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Re: Internal inconsistency wrt year 0000

From: James Clark <jjc@jclark.com>
Date: Fri, 26 Apr 2002 10:58:34 +0700
Message-ID: <000b01c1ecd6$a34d1960$3500a8c0@bkk.thaiopensource.com>
To: "C. M. Sperberg-McQueen" <cmsmcq@acm.org>
Cc: "Ashok Malhotra" <ashokma@microsoft.com>, <www-xml-schema-comments@w3.org>

> James, are you saying that ISO 8601:2000 makes the rule that any
> year before the common era is written not as itself but as its
> next neighbor?  The year 1 BCE is written with a 0, the year 2 BCE
> is written with a 1, ... the year 46 BCE is written with a '45',
> and so on?

Not quite.  1 BCE is written not as year 2 but as year -2.

> That would certainly absolve the ISO spec of the charge that they
> had acted in ignorance of the Gregorian calendar.
> But it is hardly going to be a usable notation for those most in
> need of those dates, is it?  How many classicists are going to be
> willing to write the year 46 as '-45'? I agree that discrepancy of
> usage is intolerable, but I am not certain it is the Schema WG which
> has created it.  We have, by now, four centuries of usage which the
> ISO spec appears to have decided should be ignored.  I don't see why
> we should follow their lead. Perhaps you can persuade me?

The ISO spec didn't invent this.  If you look at the references I sent, you
will find that negative year numbers have been interpreted in the way I say
for centuries.

Certainly I agree that a classicist would much prefer to say 1 BCE than -2.
However, even if you omit year 0000, ISO 8601 and the XML Schema date types
would still be basically unusable for classicists.  For periods before the
introduction of the Gregorian calendar, historians and classicists typically
use the (proleptic) Julian calendar, whereas ISO 8601 and XML Schema
uniformly use the Gregorian calendar. Given the different rule on leap
years, the Julian and Gregorian calendars are separated by a varying,
non-integral number of years.  As far as I can see, ISO 8601 is not a useful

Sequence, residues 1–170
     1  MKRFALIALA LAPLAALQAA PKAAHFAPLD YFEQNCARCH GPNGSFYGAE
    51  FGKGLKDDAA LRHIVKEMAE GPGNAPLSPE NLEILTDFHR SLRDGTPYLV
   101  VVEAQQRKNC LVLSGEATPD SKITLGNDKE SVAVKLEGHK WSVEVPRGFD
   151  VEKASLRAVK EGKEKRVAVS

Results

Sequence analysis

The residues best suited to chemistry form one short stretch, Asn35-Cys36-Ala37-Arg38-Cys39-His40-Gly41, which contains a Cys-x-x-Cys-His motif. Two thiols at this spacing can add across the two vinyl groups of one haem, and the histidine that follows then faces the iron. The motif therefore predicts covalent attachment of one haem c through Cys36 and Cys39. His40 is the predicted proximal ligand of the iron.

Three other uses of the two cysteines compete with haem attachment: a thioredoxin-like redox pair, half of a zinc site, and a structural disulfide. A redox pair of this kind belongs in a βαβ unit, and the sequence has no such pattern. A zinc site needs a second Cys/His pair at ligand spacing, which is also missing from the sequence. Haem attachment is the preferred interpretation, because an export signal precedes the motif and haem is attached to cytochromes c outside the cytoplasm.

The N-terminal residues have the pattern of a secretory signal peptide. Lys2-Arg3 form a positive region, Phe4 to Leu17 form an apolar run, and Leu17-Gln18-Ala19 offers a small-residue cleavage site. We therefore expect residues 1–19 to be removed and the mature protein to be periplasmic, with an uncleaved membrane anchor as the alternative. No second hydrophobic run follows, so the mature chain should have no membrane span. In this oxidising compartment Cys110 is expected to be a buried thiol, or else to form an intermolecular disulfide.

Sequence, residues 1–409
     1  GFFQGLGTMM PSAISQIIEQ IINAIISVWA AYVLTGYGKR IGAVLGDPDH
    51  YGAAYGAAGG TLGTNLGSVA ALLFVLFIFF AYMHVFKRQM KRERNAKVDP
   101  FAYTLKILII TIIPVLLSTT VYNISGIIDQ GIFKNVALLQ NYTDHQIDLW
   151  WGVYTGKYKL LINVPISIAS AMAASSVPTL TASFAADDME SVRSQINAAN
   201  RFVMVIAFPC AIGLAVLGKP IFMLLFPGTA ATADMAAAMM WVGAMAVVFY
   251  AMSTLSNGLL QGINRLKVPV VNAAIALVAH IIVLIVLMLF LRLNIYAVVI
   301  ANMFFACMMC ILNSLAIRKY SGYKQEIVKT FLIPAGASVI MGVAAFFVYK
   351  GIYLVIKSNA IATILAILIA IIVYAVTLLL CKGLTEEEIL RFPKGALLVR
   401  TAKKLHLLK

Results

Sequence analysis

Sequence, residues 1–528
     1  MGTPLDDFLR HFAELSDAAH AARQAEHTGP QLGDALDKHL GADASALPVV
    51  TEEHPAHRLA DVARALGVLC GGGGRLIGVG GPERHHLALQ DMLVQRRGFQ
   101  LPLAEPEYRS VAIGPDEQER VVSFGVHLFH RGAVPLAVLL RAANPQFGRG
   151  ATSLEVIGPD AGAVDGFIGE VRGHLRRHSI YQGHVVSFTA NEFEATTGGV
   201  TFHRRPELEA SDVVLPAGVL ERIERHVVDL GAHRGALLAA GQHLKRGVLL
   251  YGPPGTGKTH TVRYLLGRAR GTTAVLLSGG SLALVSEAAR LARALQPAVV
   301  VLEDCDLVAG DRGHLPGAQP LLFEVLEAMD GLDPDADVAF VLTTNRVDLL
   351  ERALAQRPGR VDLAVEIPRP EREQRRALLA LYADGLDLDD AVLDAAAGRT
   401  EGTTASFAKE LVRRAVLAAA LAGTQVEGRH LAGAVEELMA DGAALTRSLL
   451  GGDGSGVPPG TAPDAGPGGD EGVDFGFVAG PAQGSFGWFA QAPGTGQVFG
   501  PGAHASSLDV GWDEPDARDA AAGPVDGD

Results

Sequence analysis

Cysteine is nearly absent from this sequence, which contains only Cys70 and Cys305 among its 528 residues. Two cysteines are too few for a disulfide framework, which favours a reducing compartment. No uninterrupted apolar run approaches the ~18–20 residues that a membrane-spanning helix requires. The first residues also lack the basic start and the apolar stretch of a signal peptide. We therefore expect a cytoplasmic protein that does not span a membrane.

representation of dates for any branch of the humanities that is concerned
with dates before the establishment of the Gregorian calendar.  It *is*
useful for scientific applications (such as astronomy); for communites
interested with such applications, the use of zero and negative numbers in
the way I have described appears universal and long-standing.  I would
suggest that for a date representation system to be useful for historical
applications, it needs to support multiple calendars and multiple eras in
those calendars.  ISO 8601 is not and does not, as far as I can tell, aspire
to be such a system.  I don't think this is something XML Schema needs to
fix: elements and attributes would seem to me to work just fine to represent
dates in a way appropriate to historical applications.  However, I would
suggest that XML Schema add a "health warning" about usage of the date
datatypes for periods predating the introduction of the Gregorian calendar.

> But saying
> "everyone" does "negative years" in a particular way seems to me to
> be either false (classicists do not write the year 46 BCE using
> the string '45')

What I said was that everyone that uses negative numbers uses them this way.
Classicists don't use negative numbers for years; they use a positive number
and an era of a (usually implicit calendar).

> So can we start this discussion again more calmly?  I am astonished
> and outraged at the stupidity, idiocy, and arrogance of the
> usage prescribed in ISO 8601:2000, and you are outraged at the
> arrogance of XML Schema.  I'll try to keep my outrage in check, if
> you'll keep yours in check.  And then we may be able to have a useful
> discussion.

I am sorry if I appeared outraged about this.  I'm not.  Up until a couple
of days ago, I had no opinion on this subject.  In fact, when I implemented
this, I followed what I presume was the intention of XML Schema and
mapped -1 onto 1 BC.  It's a natural thing to do.  However, the leap year
issue prompted me to do some research on this.  After reading a lot of
documents on the Web, it became clear to me that ISO 8601 was doing the
right thing.  I think if you read the references I sent, you will reach the
same conclusion I did.

Received on Thursday, 25 April 2002 23:58:51 UTC

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